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December 3, 2015 Comments (0) Views: 2482 Good Food Suppliers

Dina Rock Got a Mighty Fine Brine

Dina Rock and Mighty Fine Brine PicklesDina Rock married a Canadian and moved from New York to Toronto. All was fine in her adopted home, except one thing: she couldn’t find a decent pickle. So, Rock (whose first name is pronounced “Deena”) made her own. After settling in Toronto and starting a family, Rock quit her government job and took time off to decide what to do instead. A year later, her pickle company Mighty Fine Brine is one of the hottest new independent food brands in the city and her pickles, sauerkraut and condiments are turning up on all kinds of gourmet store shelves across the GTA.

I’ll declare my bias: I think Mighty Fine Brine pickles are absolutely delicious and I am particularly fond of the Chili Garlic ones. This could change, since when I met her recently for the interview below, Rock brought a tub of her newest flavour: Horseradish. So good. What I particularly like is that they are not sweet. Her base pickle is salty, sour and full of umami. These are deeply satisfying pickles, and I became determined to find out more about them and the woman who makes them. Here’s what I found out.

This interview has been edited for style and clarity.

 Mighty Fine Brine Pickles

Good Food Revolution: Tell me about your pickles!

Dina Rock: It’s my grandfather’s original recipe – a classically New York pickle. I come from a long line of New York meat purveying folk. One grandfather was a butcher and one had a Jewish deli. These are the pickles they had at the deli. The deli closed before I was born, but they were something my grandmother continued to make. I didn’t start making them until I moved to Canada – I had to get my father to dig up the recipe. I would make them because I couldn’t find any pickles here that I loved. My grandfather’s reminded me of home, so I would make them every year in the summertime.

GFR: Were there really no decent Canadian pickles out there?

DR: I am going to take the Fifth Amendment on that! Is that allowed in Canada?

There was nothing for me that tasted like the pickles I loved and grew up eating. I don’t just mean my grandfather’s. The deli pickle is the staple of the New York Jews’ cuisine. So, it was about nostalgia and homesickness. I was never considering making a career out of pickles.
 
GFR: What did you do before you got into pickles?

DR: I have a background in public health.

GFR: That is a reassuring background for a food producer to have!

DR: Yes! My public health inspector and I get along very well. Sometimes I call him up with questions.

GFR: So what happened? How did Mighty Fine Brine come to be?

DR: I knew I wanted to something creative, and I had always done food preservation for my family; we grow a huge garden and we make jam and make pickles every year. I have a six year old and a three year old, and I ran a big Facebook group all about feeding and cooking with your children. So, healthy eating was always an interest for me. It was a very natural move from health policy to this: it’s a way of feeding my family in a clean way.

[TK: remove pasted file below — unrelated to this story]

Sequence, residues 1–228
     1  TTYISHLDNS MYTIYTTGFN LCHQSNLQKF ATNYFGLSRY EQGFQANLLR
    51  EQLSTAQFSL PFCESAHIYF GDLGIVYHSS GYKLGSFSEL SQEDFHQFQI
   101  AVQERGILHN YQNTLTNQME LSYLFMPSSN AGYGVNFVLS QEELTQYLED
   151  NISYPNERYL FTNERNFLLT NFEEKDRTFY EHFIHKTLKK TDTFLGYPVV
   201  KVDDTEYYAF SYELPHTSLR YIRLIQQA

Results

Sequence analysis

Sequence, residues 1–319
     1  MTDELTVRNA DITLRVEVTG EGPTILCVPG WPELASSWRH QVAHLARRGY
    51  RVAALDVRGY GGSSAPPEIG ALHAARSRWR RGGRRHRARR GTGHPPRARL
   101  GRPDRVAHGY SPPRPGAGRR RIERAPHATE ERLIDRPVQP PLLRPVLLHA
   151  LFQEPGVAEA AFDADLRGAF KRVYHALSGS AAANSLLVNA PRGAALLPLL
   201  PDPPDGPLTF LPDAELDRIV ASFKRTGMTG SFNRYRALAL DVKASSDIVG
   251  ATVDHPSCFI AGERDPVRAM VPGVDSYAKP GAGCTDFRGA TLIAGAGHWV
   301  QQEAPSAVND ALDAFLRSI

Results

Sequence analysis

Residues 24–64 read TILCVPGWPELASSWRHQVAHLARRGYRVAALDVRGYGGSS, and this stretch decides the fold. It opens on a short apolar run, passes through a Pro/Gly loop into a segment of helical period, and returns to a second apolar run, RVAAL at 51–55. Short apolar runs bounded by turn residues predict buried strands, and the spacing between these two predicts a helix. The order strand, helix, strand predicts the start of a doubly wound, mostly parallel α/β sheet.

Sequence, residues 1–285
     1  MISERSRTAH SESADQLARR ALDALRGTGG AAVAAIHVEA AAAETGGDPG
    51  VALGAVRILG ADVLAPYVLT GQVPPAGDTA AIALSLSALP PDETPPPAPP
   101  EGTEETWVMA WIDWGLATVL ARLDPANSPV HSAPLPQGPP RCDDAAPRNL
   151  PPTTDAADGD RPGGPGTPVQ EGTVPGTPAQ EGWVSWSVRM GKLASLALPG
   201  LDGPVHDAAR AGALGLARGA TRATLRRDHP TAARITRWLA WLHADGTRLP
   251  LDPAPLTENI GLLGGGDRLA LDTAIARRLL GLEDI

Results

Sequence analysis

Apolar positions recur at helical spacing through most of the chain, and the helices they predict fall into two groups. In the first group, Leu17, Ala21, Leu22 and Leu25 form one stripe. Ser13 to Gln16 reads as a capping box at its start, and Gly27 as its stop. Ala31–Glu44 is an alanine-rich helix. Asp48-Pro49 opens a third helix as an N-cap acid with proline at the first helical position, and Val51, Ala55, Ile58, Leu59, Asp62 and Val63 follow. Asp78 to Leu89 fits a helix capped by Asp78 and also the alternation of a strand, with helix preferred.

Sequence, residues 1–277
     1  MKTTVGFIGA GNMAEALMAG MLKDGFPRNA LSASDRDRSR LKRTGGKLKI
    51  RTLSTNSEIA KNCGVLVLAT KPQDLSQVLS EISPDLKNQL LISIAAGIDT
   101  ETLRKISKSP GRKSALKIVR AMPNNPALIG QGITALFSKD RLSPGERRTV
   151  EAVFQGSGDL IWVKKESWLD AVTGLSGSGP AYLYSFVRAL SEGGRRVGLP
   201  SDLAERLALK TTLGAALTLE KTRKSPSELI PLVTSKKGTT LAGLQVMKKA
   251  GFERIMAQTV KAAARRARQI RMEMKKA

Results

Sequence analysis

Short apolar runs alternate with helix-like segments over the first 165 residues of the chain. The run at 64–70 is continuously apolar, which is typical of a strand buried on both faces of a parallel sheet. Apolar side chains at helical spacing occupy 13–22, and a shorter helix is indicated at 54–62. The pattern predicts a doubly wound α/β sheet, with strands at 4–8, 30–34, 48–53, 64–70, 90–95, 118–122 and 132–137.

You were asking about my pickles. Well, what makes them different from so many of the other pickles out there is that they’re not full of junk.

GFR: And they’re fermented, right? There’s no vinegar.

DR: No vinegar. Just salt, water and love. That’s the key ingredient.

GFR: But then how do you differentiate yourself? Couldn’t anyone just get some salt and water and make pickles?

DR: Sure. Anyone could do it, but not everyone does. And I have my own secret blend of pickle spice – my grandfather’s secret formula. I blend it myself, by myself. I actually buy my ingredients from a couple of different spice people because I don’t want anyone to know my recipe. It’s the base picking spice for everything. I’ll add other spices, depending on what the flavour is. And I do sauerkrauts and some other things.

GFR: Fermented foods are very much on trend these days.

DR: Yeah. I got lucky in terms of the whole  interest in fermented foods, which was really starting to happen around the time I decided to start Mighty Fine Brine. But for me it’s like: I have been eating them my whole life. I had no idea they were good for me! It’s a bonus. I mean, the pro-biotic bacteria is great, but it’s really just about a yummy pickle.

GFR: Business seems good. By your website, I see you can buy them across the city.

DR: Yes, and we just started supplying to our first restaurant, Lisa Marie, which I am really excited about.

GFR: And do you have your own facility? Is there a pickle factory?

DR: Yes, I have my own space in Etobicoke. I require a lot of refrigeration, so early on I had to get my own space. I actually rent it out to other small producers, not for profit but just so there’s a place where small food businesses can start. I’m actually starting to look for a bigger space to keep up with our growth. I have to use some off-site refrigeration now.

GFR: And you’re enjoying it, being in the food business?

DR: If this doesn’t work out for some reason, I know that there’s no other industry I want to be in. It’s so much fun. I’ve learned so much, and I have met so many awesome people. It’s such a creative community. It’s great.

Malcolm Jolley is a founding editor of Good Food Revolution and Executive Director of Good Food Media, the company that publishes it. Follow him on Twitter or Facebook.

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